Saturday:) Fire Safety Fair in McKinney

6 Oct

“The fire which enlightens is the same fire which consumes.”

Henri Frederic Amiel


I was honored when I received a message this morning from my Facebook friend Merit Ossian-Jaeckel, asking if I’d help to spread the word about today’s Fire Safety Fair at the Kroger shopping center this afternoon. I got to meet Merit in person on 9/11 when Linda Grossman and I were delivering my homemade cupcakes to all the stations. Before that, we were only Facebook friends, as we mutually commented on McKinney FD activities. Merit, the public information officer, coordinates publicity, events, and other activities related to the McKinney Fire Department.

Eager to assist, I posted information about the event on my Facebook page and a couple of the neighborhood websites that I’m on. She also asked if I might have any time to volunteer manning one of the many information tables for the event. Not only did I happily agree to assist, but I also enlisted my friend Helene to help out.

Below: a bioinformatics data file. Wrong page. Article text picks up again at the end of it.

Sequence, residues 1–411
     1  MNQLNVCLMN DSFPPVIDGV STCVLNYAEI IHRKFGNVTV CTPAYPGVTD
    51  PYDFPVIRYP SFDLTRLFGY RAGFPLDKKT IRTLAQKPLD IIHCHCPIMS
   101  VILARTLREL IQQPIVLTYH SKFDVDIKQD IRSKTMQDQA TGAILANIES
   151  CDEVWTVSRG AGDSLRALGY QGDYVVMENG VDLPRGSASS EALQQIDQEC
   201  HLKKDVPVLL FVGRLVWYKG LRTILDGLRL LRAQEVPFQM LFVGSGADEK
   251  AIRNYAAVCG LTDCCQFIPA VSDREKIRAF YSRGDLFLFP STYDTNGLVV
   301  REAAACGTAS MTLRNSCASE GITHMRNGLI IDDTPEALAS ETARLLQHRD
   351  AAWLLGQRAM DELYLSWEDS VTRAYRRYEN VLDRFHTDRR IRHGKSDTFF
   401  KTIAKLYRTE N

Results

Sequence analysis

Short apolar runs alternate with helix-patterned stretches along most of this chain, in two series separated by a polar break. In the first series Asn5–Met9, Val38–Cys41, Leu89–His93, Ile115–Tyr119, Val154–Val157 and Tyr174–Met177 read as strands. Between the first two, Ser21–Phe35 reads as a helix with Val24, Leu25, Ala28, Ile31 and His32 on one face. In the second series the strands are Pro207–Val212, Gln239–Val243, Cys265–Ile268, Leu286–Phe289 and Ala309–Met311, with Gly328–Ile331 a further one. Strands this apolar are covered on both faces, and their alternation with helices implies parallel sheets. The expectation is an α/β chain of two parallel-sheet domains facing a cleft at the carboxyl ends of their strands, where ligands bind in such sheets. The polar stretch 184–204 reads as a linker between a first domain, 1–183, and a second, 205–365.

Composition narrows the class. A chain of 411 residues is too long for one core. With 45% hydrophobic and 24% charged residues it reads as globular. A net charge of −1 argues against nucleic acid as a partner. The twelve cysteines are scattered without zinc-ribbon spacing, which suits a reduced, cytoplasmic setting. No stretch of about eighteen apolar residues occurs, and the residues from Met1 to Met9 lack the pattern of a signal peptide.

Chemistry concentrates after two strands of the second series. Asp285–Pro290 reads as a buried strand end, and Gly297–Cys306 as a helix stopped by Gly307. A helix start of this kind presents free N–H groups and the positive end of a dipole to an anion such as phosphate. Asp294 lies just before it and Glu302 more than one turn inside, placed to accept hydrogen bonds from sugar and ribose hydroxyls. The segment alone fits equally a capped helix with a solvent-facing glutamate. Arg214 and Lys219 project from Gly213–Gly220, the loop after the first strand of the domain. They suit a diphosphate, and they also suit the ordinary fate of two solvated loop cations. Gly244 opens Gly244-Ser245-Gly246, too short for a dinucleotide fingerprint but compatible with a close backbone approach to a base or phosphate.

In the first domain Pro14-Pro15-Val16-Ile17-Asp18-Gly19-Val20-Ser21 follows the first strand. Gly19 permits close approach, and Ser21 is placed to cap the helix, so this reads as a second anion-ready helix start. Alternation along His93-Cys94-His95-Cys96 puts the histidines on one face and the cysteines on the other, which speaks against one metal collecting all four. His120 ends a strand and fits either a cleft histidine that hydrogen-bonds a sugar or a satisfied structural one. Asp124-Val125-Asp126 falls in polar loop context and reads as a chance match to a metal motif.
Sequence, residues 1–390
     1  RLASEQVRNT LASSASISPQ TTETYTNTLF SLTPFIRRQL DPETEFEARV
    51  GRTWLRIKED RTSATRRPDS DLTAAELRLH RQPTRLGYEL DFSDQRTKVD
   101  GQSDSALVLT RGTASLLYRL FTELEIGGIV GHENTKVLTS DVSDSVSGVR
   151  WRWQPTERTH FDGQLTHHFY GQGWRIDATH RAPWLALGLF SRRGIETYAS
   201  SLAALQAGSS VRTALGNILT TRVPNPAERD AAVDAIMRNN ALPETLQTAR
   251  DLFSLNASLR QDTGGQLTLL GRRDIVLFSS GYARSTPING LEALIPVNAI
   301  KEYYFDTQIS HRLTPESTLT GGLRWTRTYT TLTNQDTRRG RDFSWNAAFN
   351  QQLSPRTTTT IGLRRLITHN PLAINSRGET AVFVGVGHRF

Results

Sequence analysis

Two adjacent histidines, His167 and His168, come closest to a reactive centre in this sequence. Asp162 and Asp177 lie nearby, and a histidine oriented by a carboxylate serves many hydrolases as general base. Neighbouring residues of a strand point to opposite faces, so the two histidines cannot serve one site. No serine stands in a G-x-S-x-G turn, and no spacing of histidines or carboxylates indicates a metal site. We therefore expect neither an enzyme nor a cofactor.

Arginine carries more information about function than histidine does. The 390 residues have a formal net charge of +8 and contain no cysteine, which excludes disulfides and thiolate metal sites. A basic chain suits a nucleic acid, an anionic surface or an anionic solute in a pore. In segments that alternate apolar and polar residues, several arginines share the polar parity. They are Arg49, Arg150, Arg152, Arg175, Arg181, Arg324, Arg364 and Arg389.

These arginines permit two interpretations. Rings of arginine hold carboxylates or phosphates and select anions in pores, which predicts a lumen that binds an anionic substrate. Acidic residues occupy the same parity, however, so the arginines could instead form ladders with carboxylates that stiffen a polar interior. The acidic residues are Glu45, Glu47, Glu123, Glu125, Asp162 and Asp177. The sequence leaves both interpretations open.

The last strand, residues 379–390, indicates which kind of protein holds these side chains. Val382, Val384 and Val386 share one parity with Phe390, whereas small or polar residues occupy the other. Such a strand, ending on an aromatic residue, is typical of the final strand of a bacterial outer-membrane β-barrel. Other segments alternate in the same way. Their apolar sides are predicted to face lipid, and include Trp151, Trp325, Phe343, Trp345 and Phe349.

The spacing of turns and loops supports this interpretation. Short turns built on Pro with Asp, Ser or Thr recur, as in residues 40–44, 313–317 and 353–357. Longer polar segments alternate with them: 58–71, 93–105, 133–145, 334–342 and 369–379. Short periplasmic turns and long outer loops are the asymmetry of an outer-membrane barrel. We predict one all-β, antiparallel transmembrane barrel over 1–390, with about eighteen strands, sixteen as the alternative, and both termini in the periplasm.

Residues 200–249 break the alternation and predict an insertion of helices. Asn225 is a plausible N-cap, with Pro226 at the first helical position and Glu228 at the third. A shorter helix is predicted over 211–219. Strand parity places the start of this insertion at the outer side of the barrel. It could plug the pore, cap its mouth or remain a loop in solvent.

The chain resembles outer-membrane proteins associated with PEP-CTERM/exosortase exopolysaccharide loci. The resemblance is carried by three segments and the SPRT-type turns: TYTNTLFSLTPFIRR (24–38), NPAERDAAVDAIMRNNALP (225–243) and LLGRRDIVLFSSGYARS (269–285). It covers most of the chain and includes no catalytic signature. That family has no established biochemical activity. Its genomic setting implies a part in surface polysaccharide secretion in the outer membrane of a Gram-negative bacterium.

The interesting thing about bringing cupcakes, cookies, and brownies to your local fire stations all the time is, after a while, you become friends and part of the bigger family known as “community.”

Captain Desiree and the crew from station 9 arrived, and I was greeted with hugs and handshakes. They were on hand to answer questions and show the children the workings of a real fire truck. Kids love to look at the shiny red fire truck and to have their pictures taken with the firefighters. (Me too!)